Their plan is almost 1000 short. New Zealand First is going to train 1800 police as soon as possible. For those who don’t remember the last time we had influence we trained an extra 1500 frontline police with 235 office back up staff in three years flat.


Under our Royalties from the Regions policy, 25 percent of any royalties collected by the government from water, mining or petroleum in the region will be returned to the region. As an example, the government collects over $400 million in royalties.

Under our scheme over $100 million, year on year, will remain in the regions for investment. It is demonstrably wrong that companies like Coca Cola, Suntory Holdings, Oravida, Fiji Water – can take our water for a pitiful fee whilst they make hundreds of millions of dollars from it.

National says no-one owns the water – then double crosses new Zealanders by letting foreign companies do just that.

New Zealand First says there is something rotten when four water bottling companies have consent to take water from the Tasman District  – more than 427 million litres - at a total cost of only $943.

If you are from this region and you are a New Zealander then, may we humbly suggest, you decide to make a stand on these matter.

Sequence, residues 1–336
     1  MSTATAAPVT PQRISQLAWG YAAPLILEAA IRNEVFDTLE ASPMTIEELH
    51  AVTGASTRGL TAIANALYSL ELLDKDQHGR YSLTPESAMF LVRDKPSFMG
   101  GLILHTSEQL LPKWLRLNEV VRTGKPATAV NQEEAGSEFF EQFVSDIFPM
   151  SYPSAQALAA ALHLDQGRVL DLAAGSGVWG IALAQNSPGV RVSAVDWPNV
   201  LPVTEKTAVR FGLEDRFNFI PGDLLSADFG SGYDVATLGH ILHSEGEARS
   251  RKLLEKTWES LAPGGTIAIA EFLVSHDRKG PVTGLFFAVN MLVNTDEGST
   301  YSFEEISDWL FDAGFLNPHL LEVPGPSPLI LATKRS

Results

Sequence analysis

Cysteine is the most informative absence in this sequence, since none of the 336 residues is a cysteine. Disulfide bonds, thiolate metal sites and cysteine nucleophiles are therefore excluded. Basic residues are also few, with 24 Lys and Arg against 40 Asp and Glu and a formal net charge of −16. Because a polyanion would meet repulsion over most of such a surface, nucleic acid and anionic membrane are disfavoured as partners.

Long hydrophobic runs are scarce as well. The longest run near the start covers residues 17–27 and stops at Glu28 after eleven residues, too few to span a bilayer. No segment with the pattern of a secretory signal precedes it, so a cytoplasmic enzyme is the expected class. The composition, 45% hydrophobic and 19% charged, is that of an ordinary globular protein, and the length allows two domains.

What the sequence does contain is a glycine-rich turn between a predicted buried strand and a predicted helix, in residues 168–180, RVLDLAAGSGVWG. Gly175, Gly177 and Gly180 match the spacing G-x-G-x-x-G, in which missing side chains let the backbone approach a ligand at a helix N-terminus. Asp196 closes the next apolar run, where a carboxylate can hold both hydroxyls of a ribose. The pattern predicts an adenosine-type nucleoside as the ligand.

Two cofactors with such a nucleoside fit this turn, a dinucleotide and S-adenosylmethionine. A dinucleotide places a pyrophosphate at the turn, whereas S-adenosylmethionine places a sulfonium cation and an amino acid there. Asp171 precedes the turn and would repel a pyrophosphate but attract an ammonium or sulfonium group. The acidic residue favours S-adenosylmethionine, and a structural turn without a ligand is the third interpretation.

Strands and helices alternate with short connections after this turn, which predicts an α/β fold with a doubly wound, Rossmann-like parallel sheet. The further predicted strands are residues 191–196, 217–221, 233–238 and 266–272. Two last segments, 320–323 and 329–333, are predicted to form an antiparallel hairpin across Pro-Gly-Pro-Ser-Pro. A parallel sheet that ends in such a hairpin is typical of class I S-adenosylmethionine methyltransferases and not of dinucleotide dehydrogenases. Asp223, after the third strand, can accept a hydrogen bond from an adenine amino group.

Things can be much better for Motueka and Tasman District.

Decades of economic experimentation have split and divided this country and it has impacted here. When we first saw the face of this experimentation we said it would not work for New Zealand.

Others went along with it.

I didn’t and my party didn’t.

New Zealand First policies are in our name.  New Zealand First to put New Zealanders first.

New Zealand First has policies to turn this country’s economic fortunes around. We’ll stop the country sliding down the OECD, and start climbing up the OECD where we used to be before these economic cowboys and cowgirls took over.

These cowboys are all hat and no cattle.

All promises and no performance.

Working together we can make New Zealand the country it could be, the country it should be, the country it will be.